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  1. Critique of Imperial Reason: Lessons From the Zhuangzi.Dorothy H. B. Kwek - forthcoming - Dao: A Journal of Comparative Philosophy:1-23.
    It has often been said that the Zhuangzi 莊子 advocates political abstention, and that its putative skepticism prevents it from contributing in any meaningful way to political thinking: at best the Zhuangzi espouses a sort of anarchism, at worst it is “the night in which all cows are black,” a stance that one scholar has charged is ultimately immoral. This article tracks possible political allusions within the text, and, by reading these against details of social, political, and historical context, sheds (...)
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  • Can a Daoist Sage Have Close Relationships with Other Human Beings?Joanna Iwanowska - 2017 - Diametros 52:23-46.
    This paper explores the compatibility between the Daoist art of emptying one’s heart-mind and the art of creating close relationships. The fact that a Daoist sage is characterized by an empty heart-mind makes him somewhat different from an average human being: since a full heart-mind is characteristic of the human condition, the sage transcends what makes us human. This could alienate him from others and make him incapable of developing close relationships. The research goal of this paper is to investigate (...)
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  • Optimal Experience and Optimal Identity: A Multinational Study of the Associations Between Flow and Social Identity.Yanhui Mao, Scott Roberts, Stefano Pagliaro, Mihaly Csikszentmihalyi & Marino Bonaiuto - 2016 - Frontiers in Psychology 7.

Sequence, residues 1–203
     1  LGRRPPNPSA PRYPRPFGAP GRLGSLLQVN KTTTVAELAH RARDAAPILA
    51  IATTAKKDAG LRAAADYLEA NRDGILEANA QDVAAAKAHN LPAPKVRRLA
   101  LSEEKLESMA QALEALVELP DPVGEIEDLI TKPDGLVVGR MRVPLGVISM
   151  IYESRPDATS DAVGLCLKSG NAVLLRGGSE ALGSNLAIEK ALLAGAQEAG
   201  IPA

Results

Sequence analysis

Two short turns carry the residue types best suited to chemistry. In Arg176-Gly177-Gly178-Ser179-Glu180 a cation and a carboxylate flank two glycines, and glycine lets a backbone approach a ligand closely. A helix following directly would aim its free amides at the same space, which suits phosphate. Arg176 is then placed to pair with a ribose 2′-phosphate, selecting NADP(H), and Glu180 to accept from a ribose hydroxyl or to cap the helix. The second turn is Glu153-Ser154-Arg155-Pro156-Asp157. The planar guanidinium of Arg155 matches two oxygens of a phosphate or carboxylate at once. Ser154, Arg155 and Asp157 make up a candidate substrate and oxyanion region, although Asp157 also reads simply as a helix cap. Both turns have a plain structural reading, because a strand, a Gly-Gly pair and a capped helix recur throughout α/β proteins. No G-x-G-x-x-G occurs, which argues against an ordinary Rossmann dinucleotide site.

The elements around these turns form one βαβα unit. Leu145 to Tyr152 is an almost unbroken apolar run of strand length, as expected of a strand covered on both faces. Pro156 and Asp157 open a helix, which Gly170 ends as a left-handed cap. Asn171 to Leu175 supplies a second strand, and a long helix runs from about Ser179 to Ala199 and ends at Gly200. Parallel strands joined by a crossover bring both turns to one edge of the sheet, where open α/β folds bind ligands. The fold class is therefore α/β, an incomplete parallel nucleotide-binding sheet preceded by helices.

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  • Beyond Sincerity and Pretense: Role-Playing and Unstructured Self in the Zhuangzi.David Machek - 2016 - Asian Philosophy 26 (1):52-65.
    ABSTRACTThis article engages with a recent view that the Daoist Classic Zhuangzi advances an alternative to the Confucian role-ethics. According to this view, Zhuangzi opposes the Confucian idea that we should play our social roles with sincerity and instead argues that we should take the liberty to detach ourselves from the roles we play and ‘pretend’ them. It is argued in this article that Zhuangzi’s ideal of role-playing is based neither on sincerity nor on pretense. Instead, it is akin to (...)
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  • Emotion and Agency in Zhuāngz.Chris Fraser - 2011 - Asian Philosophy 21 (1):97-121.
    Among the many striking features of the philosophy of the Zhu?ngz? is that it advocates a life unperturbed by emotions, including even pleasurable, positive emotions such as joy or delight. Many of us see emotions as an ineluctable part of life, and some would argue they are a crucial component of a well-developed moral sensitivity and a good life. The Zhuangist approach to emotion challenges such commonsense views so radically that it amounts to a test case for the fundamental plausibility (...)
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  • Bibliografía seleccionada y comentada sobre Taoísmo Clásico : Obras generales y Zhuāng zǐ.Javier Bustamante Donas & Juan Luis Varona - 2015 - 'Ilu. Revista de Ciencias de Las Religiones 20:269-311.
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  • A Theory of Interpretation for Comparative and Chinese Philosophy.Lin Ma & Jaap van Brakel - 2016 - Dao: A Journal of Comparative Philosophy 15 (4):575-589.
    Why should interpretation of conceptual schemes and practices across traditions work at all? In this paper we present the following necessary conditions of possibility for interpretation in comparative and Chinese philosophy: the interpreter must presuppose that there are mutually recognizable human practices; the interpreter must presuppose that “the other” is, on the whole, sincere, consistent, and right; the interpreter must be committed to certain epistemic virtues. Some of these necessary conditions are consistent with the fact that interpretation is not thwarted (...)
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